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Research Article  |   July 2007
Boys With Developmental Coordination Disorder: Loneliness and Team Sports Participation
Author Affiliations
  • Anne A. Poulsen, BOccThy(Hons), PhD, is Senior Research Officer, Division of Occupational Therapy, School of Health and Rehabilitation Sciences, The University of Queensland, Brisbane, 4072, Queensland, Australia; a.poulsen@uq.edu.au
  • Jenny M. Ziviani, DipOcThy, BApplSci (OccThy), BA, MedSci, PhD, is Associate Professor, Division of Occupational Therapy, School of Health and Rehabilitation Sciences, The University of Queensland, Brisbane
  • Monica Cuskelly, BA(Hons), GradDipEd, MEdStud, MAppPsych, PhD, is Senior Lecturer, School of Education, The University of Queensland, Brisbane
  • Rachel Smith, BOccThy(Hons), is Clinical Occupational Therapist, Division of Occupational Therapy, School of Health and Rehabilitation Sciences, The University of Queensland, Brisbane
Article Information
Neurologic Conditions / Pediatric Evaluation and Intervention / Children and Youth
Research Article   |   July 2007
Boys With Developmental Coordination Disorder: Loneliness and Team Sports Participation
American Journal of Occupational Therapy, July/August 2007, Vol. 61, 451-462. doi:10.5014/ajot.61.4.451
American Journal of Occupational Therapy, July/August 2007, Vol. 61, 451-462. doi:10.5014/ajot.61.4.451
Abstract

OBJECTIVE. This study investigated the mediational role of team sports and other leisure occupations for boys ages 10 to 13 years in the relationship between physical coordination ability and perceptions of loneliness.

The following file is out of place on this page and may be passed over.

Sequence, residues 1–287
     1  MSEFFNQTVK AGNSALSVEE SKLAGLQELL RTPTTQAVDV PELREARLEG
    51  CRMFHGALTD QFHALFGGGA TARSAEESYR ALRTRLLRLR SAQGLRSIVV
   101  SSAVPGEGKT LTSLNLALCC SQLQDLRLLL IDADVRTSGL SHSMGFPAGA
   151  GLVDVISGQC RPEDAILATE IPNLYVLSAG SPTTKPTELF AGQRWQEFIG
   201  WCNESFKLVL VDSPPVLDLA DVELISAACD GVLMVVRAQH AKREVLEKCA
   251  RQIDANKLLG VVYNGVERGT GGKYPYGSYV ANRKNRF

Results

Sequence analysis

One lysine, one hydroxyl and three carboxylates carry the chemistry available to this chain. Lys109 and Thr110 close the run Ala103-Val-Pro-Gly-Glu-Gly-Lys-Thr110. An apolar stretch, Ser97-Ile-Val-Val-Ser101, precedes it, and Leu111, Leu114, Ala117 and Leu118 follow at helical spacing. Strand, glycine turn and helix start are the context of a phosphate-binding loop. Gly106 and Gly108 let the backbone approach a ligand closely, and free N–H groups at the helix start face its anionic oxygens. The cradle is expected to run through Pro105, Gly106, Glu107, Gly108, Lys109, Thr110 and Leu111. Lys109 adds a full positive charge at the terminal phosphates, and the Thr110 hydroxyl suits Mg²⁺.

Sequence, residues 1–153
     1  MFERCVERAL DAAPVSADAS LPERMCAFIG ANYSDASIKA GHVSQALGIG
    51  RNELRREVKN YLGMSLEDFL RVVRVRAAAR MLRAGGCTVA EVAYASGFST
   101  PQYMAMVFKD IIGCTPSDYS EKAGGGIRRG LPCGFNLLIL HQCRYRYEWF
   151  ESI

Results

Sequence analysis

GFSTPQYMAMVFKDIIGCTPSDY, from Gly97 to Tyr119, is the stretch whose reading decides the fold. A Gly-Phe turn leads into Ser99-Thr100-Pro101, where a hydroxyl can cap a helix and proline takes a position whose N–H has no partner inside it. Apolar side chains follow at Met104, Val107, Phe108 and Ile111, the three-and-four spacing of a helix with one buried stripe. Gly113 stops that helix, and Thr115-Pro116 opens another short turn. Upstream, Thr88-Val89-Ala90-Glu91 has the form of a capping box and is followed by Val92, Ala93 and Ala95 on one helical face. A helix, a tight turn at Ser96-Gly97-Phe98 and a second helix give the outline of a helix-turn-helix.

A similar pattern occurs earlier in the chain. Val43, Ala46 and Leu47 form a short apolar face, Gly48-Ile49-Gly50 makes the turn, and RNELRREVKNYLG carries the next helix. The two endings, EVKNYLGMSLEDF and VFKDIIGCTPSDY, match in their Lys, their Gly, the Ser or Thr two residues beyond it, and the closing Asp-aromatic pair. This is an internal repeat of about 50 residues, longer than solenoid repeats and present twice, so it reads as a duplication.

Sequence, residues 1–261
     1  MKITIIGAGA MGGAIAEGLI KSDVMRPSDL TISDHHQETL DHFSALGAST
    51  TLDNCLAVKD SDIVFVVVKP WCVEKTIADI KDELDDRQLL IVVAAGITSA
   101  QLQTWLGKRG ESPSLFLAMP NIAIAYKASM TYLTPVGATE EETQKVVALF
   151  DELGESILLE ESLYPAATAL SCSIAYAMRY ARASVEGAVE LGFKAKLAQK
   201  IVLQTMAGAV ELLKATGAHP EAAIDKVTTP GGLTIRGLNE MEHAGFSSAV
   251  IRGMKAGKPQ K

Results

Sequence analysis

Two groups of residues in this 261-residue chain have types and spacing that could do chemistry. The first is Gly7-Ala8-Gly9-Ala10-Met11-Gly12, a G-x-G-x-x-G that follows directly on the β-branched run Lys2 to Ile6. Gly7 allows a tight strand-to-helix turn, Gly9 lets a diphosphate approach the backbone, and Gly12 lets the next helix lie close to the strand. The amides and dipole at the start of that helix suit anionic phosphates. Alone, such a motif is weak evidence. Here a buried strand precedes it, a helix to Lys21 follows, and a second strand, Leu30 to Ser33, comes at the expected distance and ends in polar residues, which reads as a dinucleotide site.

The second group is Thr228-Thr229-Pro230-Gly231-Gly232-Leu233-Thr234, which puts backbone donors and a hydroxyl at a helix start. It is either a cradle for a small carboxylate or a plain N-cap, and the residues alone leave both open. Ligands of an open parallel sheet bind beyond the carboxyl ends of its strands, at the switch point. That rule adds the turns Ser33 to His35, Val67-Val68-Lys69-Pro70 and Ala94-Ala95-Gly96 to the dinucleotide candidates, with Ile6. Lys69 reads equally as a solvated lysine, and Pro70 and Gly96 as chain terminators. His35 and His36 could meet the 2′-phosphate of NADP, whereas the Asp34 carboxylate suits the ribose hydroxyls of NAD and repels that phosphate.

METHOD. Sixty boys with developmental coordination disorder (DCD) and 113 comparison boys without DCD completed a self-report measure of loneliness. Parents recorded information on leisure involvement over 7 days.

RESULTS. Boys with DCD recorded significantly higher loneliness and lower participation rates in all group physical activities, whether structured (e.g., team sports) or unstructured (e.g., informal outdoor play) than boys without DCD. An inverse relationship between physical coordination ability and loneliness was mediated by participation in team sports. No other leisure pursuits were found to be significant mediators. Childhood physical coordination difficulties were significantly associated with loneliness.

CONCLUSION. Participation in team sports acted as one potential mechanism mediating the inverse relationship between physical coordination ability and loneliness in boys. Occupational therapists can act as advocates to support boys with DCD who choose to participate in team sports. Further investigations are recommended to determine aspects of team sports environments that promote an optimal fit among child, activity, and environment.